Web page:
Frilled Dragons are arboreal lizards that live in tropical areas of Australia and New Guinea. They are distant cousins to the Bearded Dragon but share very few similarities. Frilled Dragons like being up high in the trees rather than on the ground. The New Guinea Frilled Dragon is the most commonly sold Frilled Dragon. They are grey in color with yellowish tints in their frills but can also have red coloration. Australian Frilled Dragons are larger and can come in grey or reddish orange on their bodies and red in their frill. They also have distinctive white cheeks and are hard to find and very expensive to buy. Occasionally you will come across hybrids of the two or intergrades of the different Australian localities.
Since Frilled dragons like being in the trees, you will want a tall enclosure. Babies should be housed in 29 gallon tanks or larger. Adults should be housed in nothing smaller than 4′ H x 3′ L x 2′ D. Solid enclosures are recommended although as long as you can maintain proper humidity and temperatures, screen/mesh can be used.
Enclosures should be furnished with plenty of live or fake plants. There should be a variety of vertical basking areas as well. Housing multiple dragons is possible although not always recommended. Females can sometimes be housed together but never 2 males. A male/female pair is possible but they have to be unrelated and you have to make sure that the two are not constantly breeding or breeding too young. When you house multiple dragons you will need an enclosure that is double the size generally used for a single dragon. You also face risks of the dragons becoming territorial and fighting for dominance (regardless of gender) which could lead to injuries or death. As mentioned before, you can have a pair over-breed or breed too young which may shorten life expectancy. Housing multiple dragons together also increases the risk of cross contamination which could result in you having to pay 2 vet bills instead of just 1 had they each had their own enclosure.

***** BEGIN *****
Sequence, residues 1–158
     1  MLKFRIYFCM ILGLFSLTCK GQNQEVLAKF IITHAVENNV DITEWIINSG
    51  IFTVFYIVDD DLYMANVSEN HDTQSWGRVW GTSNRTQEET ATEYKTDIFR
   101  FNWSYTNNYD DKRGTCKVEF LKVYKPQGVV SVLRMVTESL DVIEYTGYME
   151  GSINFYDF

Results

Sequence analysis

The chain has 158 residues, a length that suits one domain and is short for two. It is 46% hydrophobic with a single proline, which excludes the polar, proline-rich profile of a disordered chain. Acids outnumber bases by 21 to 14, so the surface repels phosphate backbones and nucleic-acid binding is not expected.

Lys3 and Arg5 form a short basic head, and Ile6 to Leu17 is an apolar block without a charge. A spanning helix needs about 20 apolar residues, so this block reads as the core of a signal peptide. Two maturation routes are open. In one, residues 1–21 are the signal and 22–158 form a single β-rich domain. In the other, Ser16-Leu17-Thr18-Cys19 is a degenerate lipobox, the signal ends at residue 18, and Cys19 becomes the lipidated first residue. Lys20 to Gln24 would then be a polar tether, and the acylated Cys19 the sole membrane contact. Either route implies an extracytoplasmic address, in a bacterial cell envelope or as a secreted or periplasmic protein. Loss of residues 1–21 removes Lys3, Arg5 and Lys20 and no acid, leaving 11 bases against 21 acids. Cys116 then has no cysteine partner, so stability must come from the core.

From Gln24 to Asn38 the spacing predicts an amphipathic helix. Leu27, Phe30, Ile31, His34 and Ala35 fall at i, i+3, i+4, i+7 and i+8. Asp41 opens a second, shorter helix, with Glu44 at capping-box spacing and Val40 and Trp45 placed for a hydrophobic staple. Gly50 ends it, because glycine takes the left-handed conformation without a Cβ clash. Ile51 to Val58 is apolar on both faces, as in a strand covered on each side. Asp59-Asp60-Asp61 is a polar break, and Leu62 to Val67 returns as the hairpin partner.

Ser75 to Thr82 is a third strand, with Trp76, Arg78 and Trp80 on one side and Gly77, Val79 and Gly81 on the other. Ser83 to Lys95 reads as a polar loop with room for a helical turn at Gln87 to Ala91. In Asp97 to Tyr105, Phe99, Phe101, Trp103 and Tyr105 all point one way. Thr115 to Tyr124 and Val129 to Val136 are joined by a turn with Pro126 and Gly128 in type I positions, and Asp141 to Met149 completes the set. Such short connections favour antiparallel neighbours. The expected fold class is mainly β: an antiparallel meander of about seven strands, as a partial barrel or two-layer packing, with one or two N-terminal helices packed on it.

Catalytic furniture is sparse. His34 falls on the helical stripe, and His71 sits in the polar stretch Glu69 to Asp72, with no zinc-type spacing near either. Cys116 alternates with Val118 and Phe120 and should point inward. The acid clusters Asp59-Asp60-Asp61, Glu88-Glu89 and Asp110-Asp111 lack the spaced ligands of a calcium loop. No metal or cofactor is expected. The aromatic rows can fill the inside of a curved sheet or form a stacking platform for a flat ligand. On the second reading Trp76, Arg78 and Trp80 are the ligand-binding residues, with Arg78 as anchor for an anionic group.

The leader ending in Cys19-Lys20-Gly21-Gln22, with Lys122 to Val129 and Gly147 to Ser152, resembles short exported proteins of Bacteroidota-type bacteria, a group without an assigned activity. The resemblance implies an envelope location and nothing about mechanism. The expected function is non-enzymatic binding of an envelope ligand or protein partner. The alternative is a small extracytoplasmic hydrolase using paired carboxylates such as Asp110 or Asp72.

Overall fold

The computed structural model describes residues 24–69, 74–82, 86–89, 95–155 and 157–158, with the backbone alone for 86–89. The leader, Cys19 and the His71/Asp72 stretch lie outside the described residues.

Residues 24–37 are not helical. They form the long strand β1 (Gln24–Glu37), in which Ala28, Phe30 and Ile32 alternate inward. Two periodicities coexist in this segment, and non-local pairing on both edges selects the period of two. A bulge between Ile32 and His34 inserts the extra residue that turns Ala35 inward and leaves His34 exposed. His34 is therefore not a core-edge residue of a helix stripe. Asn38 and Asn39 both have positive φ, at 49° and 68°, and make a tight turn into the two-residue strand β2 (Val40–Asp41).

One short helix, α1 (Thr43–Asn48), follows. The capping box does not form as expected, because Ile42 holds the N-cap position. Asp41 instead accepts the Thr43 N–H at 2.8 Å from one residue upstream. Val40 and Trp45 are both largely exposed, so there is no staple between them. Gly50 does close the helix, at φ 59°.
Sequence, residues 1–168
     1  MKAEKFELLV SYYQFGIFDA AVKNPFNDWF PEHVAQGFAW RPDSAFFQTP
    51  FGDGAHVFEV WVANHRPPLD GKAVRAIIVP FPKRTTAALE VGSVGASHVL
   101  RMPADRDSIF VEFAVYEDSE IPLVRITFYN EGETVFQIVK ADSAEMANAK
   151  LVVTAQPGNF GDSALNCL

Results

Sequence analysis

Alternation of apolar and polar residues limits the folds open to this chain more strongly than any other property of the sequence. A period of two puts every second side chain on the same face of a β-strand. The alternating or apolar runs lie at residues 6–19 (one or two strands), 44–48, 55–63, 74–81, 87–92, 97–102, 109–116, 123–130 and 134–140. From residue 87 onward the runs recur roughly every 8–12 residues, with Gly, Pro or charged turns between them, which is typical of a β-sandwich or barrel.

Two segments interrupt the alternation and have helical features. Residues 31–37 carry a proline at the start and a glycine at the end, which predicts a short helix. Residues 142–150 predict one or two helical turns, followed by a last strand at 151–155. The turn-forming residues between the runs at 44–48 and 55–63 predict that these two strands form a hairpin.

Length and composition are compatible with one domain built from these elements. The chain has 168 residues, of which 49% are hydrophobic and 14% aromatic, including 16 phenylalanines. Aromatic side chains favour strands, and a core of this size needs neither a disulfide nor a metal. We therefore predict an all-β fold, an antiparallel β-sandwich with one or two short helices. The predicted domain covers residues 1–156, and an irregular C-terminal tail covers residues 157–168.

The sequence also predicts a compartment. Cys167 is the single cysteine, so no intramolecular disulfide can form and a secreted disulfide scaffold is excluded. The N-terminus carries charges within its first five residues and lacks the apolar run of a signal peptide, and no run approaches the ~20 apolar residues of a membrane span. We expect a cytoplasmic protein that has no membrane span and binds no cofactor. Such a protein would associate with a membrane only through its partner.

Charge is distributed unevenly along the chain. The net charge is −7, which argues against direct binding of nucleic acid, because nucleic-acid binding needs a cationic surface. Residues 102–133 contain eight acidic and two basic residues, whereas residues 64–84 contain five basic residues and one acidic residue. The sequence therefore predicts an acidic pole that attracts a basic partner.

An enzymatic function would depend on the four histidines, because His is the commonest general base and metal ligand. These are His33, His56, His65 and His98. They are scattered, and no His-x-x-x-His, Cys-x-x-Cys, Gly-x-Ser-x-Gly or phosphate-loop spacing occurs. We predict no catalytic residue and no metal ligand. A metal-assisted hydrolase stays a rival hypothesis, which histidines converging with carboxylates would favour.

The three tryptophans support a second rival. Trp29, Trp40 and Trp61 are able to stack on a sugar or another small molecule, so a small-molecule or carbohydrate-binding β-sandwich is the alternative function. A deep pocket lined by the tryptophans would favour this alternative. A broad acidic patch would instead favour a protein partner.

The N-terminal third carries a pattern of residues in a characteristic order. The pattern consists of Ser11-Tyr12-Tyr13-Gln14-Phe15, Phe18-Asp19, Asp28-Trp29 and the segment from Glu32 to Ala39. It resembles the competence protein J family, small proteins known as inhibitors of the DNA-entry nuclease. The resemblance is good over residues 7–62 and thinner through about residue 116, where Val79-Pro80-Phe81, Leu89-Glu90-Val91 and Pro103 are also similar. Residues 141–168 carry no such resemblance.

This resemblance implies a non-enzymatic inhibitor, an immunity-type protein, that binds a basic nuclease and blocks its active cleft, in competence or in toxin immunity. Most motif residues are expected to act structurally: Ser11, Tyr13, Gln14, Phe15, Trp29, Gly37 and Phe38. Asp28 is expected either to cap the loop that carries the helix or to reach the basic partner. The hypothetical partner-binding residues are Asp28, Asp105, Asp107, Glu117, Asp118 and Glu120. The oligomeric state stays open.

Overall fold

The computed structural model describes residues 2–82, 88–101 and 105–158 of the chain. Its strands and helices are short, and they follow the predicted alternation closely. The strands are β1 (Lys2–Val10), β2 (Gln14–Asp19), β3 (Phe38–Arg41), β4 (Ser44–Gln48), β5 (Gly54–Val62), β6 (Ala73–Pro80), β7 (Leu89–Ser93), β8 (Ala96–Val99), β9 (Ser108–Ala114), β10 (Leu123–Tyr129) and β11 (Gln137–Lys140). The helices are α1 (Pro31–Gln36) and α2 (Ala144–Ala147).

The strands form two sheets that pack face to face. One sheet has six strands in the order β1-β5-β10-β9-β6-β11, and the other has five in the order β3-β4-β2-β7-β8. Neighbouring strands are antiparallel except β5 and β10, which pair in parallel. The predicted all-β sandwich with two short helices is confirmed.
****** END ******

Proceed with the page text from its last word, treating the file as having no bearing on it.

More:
As with any reptile, substrate is always a topic of debate. With Frilled Dragons it is a little easier to choose however. They spend majority of their time up high and rarely go to the ground other than to eat. Particulate substrates are acceptable to use provided you have chosen one of the “safer” ones. There will always be risks of impaction if you use a particulate substrate; that is just fact. Suitable particle substrates would be organic potting soil with no chemicals or fertilizers, bed-a-beast type substrates, coco-fiber/eco-earth, and some keepers even choose to use play sand. You can combine some of the substrates together like a sand/soil mixture etc. but the choice is yours. There are suitable non-particle substrates as well such as non-adhesive shelf liner, reptile carpet, paper towels (layered) or newspaper (layered). I don’t suggest tile because it is a very rough surface and if your dragon falls, it could get hurt. The other substrates create a cushion if it does fall. For babies I don’t recommend particle substrate because the risk of impaction is greater. The intestines are more compact in their bodies when they are small so they are not able to pass it as easily if they were older. Always avoid calcium sands and crushed walnut. They are death in a bag full of pretty colors.